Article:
The case was first set for trial on March 8, 1960. Walter J. Sawyer had come to Florida for the trial. He was President and one of the stockholders of the corporation which he and his family controlled. He acted for the corporation in its dealings with Bursten. The plaintiff moved for a continuance on the ground that its counsel would be engaged before another division of the court. The motion was denied. The cause was reached on the calendar on March 10, 1960. The corporation plaintiff announced ready. Counsel for the defendant Bursten advised the court that his client was ill and moved for a continuance. The court announced that the case would be continued but, to avoid the inconvenience and expense of having the witness returned to Florida for the trial, his deposition might be taken. In the court's written order the case was continued to be reset, the oral motion of the corporation to take the deposition of Sawyer was granted 'allowing and reserving unto defendant the right to crossexamine said plaintiff (meaning Sawyer) at some future date.' The order is dated March 11, 1960, although the continuance had been granted on the preceding day. The deposition was taken on March 10, 1960, before the judge who had granted the continuance. At the conclusion of the examination of the witness by counsel for the corporation, the judge twice asked counsel for Bursten if there was any cross-examination and to each question the response 'No cross-examination' was given.
It seems somewhat anomalous that a court should enter a prospective order permitting a deposition to be taken when, in fact, the deposition had already been taken, and to reserve a right of crossexamination at a future date when crossexamination had already been waived. But the point is not made by the parties so we will not consider it further. Some time in June of 1960 the case was set for trial on November 7, 1960. When the case was called for trial on that day, counsel for Bursten moved for a continuance and to strike the complaint upon the ground that the witness Sawyer and his wife, who was secretary of the appellee corporation, had not presented themselves for the taking of their depositions. He had not served them with notice but, counsel said, their son, an attorney representing the corporation, agreed that they would be produced at a later date. There was never any agreement reached as to when or where the Sawyers should appear for depositions. No effort was made to compel attendance for the taking of depositions. The court denied the motion to strike the complaint and the motion for continuance. These rulings are assigned as error.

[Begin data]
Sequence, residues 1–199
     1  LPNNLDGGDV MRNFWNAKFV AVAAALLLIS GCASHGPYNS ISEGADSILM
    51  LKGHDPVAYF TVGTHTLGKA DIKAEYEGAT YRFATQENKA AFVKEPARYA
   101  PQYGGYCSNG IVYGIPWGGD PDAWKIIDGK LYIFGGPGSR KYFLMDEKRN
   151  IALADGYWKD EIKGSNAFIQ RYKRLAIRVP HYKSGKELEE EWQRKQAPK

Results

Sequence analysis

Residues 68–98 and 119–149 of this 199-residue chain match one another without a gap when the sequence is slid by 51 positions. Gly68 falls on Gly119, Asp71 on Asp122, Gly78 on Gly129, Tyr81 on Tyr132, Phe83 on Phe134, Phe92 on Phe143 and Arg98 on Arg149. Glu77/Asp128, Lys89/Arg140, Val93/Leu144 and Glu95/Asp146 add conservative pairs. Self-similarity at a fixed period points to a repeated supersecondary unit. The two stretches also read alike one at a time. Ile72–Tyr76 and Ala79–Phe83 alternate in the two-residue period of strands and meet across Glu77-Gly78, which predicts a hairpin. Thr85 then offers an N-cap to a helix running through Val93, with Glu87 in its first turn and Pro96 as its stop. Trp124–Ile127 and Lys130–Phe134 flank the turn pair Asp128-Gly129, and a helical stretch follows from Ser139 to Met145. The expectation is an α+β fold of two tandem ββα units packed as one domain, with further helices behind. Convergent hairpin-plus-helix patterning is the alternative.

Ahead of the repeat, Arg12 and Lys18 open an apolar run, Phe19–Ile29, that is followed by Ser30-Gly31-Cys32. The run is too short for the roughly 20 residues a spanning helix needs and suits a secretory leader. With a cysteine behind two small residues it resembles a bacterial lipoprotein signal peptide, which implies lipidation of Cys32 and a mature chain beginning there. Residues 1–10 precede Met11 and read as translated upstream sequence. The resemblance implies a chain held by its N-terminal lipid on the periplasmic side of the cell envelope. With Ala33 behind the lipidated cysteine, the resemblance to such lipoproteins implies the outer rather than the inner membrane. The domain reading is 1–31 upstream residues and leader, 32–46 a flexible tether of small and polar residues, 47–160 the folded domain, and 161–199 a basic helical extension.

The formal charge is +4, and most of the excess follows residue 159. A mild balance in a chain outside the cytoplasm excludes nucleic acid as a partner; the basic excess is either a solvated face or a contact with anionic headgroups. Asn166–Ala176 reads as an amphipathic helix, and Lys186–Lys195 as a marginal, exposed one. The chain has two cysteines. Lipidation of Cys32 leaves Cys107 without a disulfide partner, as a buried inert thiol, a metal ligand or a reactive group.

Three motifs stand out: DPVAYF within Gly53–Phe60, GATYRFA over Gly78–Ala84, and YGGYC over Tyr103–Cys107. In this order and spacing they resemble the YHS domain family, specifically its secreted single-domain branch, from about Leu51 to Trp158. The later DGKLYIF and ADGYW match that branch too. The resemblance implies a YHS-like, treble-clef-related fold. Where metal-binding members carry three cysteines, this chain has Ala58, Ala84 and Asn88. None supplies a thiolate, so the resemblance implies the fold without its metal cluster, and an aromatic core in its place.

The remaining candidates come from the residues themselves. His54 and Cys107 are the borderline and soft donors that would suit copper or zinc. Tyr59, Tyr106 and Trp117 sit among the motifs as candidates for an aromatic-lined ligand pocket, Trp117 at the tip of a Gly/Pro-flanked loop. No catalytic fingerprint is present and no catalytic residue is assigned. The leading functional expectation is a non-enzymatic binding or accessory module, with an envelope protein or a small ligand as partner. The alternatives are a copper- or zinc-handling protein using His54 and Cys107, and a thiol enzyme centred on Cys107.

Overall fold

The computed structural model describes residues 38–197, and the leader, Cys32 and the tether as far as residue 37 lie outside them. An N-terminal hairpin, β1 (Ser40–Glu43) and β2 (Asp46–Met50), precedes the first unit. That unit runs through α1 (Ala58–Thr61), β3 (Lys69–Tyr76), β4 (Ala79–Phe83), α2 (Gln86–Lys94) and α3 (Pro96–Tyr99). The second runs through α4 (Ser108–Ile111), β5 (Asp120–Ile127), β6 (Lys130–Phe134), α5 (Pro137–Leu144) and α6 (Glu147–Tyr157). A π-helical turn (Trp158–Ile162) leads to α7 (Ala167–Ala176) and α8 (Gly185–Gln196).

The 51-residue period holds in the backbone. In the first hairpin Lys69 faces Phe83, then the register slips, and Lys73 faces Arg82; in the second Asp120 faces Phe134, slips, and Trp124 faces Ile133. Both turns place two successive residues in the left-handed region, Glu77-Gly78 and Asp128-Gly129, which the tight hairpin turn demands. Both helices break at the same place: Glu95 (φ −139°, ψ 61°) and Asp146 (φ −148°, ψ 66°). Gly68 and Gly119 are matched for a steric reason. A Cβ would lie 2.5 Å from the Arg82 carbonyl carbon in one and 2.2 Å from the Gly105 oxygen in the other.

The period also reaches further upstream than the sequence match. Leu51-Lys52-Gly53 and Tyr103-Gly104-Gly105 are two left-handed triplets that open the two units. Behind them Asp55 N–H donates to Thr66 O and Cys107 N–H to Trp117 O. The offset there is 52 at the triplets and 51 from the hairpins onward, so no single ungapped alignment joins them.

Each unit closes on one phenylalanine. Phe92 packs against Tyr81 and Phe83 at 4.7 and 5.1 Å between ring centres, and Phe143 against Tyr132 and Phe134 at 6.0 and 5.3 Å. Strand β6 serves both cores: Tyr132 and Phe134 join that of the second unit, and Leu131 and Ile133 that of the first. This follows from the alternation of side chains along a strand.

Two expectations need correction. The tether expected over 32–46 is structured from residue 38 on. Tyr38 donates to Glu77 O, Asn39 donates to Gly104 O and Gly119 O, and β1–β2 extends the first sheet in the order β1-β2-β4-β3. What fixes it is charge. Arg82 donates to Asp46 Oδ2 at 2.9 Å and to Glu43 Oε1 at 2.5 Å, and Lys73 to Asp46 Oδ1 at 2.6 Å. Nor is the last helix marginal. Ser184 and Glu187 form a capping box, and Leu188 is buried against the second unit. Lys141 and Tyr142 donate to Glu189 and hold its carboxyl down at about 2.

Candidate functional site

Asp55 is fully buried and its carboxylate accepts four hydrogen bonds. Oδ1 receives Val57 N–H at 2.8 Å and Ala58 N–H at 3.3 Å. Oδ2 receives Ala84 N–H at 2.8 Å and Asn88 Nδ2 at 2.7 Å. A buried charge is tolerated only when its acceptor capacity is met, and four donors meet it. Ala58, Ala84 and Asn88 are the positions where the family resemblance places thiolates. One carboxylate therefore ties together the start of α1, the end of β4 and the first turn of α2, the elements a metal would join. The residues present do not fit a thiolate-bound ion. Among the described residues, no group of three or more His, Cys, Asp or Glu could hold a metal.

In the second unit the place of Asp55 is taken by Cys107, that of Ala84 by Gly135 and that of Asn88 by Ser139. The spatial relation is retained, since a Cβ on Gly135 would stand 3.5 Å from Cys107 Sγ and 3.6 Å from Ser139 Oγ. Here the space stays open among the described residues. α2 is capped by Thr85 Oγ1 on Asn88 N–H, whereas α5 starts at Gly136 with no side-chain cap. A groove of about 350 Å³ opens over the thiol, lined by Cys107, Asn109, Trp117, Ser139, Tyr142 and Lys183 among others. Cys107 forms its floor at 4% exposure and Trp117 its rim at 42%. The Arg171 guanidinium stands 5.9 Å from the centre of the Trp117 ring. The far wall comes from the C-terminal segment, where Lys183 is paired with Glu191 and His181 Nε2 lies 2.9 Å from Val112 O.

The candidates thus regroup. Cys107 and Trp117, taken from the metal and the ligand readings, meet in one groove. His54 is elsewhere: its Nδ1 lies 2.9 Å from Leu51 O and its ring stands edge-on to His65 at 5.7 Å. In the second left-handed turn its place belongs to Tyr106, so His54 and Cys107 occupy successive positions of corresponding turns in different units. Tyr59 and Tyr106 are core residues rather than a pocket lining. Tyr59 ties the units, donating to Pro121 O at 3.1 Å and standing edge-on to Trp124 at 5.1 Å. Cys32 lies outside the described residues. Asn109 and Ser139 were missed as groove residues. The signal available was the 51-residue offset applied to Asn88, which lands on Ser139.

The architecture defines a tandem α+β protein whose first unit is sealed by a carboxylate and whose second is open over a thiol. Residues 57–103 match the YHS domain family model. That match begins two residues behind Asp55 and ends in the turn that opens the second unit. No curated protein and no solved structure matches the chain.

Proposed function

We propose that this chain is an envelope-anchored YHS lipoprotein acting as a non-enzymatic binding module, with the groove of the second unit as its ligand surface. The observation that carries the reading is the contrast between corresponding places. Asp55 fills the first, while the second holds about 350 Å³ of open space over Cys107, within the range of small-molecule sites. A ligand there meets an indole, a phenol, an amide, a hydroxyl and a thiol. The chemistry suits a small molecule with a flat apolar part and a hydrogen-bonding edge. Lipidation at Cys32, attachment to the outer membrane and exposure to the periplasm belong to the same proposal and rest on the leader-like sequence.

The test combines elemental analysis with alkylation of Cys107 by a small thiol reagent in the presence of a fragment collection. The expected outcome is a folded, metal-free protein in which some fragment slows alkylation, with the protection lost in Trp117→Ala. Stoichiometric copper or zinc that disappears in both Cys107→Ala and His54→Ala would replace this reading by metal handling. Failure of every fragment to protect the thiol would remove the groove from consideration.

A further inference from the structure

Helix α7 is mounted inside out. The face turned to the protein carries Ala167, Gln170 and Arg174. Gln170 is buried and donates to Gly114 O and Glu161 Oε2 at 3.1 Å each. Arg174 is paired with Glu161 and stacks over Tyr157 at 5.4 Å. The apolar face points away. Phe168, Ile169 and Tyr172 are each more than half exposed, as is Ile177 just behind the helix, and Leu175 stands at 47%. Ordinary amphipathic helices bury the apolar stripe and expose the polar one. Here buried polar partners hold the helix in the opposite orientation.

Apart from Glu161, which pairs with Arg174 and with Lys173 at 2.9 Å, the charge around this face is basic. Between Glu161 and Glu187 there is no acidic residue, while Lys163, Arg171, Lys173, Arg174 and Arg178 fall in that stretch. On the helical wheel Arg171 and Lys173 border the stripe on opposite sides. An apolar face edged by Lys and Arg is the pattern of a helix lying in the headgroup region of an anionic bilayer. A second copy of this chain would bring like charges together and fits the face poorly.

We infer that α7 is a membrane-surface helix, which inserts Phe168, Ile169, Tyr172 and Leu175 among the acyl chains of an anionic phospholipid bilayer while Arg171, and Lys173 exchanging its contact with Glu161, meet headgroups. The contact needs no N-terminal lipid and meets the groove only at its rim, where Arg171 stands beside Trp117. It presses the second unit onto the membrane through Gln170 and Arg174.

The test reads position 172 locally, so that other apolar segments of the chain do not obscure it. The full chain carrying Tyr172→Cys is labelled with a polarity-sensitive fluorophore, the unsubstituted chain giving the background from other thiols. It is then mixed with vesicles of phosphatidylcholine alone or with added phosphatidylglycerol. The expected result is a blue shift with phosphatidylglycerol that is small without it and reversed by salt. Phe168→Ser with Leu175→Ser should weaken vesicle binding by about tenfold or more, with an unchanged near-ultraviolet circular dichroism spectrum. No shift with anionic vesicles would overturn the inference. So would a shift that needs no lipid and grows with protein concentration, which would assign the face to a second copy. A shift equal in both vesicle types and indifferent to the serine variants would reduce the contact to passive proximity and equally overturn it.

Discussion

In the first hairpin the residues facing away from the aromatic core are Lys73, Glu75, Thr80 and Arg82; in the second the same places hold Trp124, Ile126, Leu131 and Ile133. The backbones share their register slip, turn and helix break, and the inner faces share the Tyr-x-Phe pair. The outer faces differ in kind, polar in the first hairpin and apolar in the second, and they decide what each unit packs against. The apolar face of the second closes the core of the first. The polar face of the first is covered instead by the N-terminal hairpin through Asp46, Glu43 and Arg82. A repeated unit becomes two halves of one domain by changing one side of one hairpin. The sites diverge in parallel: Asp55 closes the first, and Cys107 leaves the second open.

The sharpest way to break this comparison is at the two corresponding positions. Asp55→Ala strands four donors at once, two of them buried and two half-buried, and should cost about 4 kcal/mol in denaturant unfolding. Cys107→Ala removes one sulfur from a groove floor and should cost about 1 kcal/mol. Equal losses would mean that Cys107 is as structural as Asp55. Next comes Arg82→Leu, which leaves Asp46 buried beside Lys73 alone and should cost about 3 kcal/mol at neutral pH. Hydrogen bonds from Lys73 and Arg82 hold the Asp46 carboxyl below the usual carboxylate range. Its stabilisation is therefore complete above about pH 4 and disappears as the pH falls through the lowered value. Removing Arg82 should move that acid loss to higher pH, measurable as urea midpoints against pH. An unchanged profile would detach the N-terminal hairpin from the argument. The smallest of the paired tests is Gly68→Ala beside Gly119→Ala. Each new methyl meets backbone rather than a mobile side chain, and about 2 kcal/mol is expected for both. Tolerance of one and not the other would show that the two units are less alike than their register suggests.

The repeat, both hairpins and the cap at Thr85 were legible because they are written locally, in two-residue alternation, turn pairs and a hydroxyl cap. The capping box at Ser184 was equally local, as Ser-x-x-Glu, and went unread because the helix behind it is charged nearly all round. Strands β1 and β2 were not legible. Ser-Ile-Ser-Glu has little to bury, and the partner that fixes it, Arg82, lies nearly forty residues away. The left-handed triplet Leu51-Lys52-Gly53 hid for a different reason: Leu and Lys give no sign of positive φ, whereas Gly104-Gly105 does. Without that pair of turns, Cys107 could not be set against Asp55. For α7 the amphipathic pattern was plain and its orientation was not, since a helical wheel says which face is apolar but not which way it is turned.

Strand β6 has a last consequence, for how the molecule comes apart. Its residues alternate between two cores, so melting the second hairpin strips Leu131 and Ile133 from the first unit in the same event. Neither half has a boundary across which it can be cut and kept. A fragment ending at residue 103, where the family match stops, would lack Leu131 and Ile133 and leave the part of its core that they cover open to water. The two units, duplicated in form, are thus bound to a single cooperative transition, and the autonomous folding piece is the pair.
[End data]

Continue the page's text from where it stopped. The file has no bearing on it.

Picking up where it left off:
The right given to Bursten to crossexamine the witness Sawyer was not a self-executing right. The testimony of Sawyer on Behalf of the plaintiff was given by deposition, The circumstances show that Bursten's counsel intended that cross-examination should be conducted by deposition. Absent an notice depositions may be taken on notice and attendance of witnesses may be compelled. Since Bursten failed to invoke the rules under which his right of examination and cross-examination was protected, we find no abuse of the trial court's discretion in refusing to grant the motion for a continuance.
Bursten's final specification of error is that he should not have been denied relief upon his counterclaim since there was no evidence to refute it and he had not been impeached as a witness. This testimony which Bursten insists establishes his counterclaim for legal services was that the appellee was his principal client, that he had records but did not bring them to the trial, that the appellee owed him for legal services in 1953 the sum of $48,000, in 1955 the amount was $52,000, and by 1956 it had increased to $102,000. He admitted to being a sloppy record keeper but assured the court that the amounts he earned, on a realistic hourly or daily figure would be in excess of the amounts he claimed were owing. He testified that he sent bills at frequent intervals, at least every three months, and frequently asked his uncle, Walter J. Sawyer, for a payment from the appellee company, that the earnings of the company ranged from $250,000 to $1,000,000 a year, that he owed the company or his uncle substantial sums of money, and that he recived on account of fees the sum of $2,000 in 1948, $1,000 in 1951, and $5,000 in 1954. At the time of the payment of the $5,000, Bursten testified that he borrowed $20,000 from the appellee or from his uncle. Much of Bursten's testimony relates to legal services performed for Walter J. Sawyer individually rather than for the appellee corporation. The district court found that the appellant failed to establish his counterclaim for legal services by a preponderance of credible evidence. This finding is not clearly erroneous.
Bursten included in his counterclaim averments that he and the appellee had entered into other joint ventures with respect to which he sought an accounting. The counterclaim also asserted that the appellant was indebted to Bursten for legal services rendered in connection with claims of or against another corporation. No evidence was offered by Bursten to prove these allegations.
The judgment of the district court is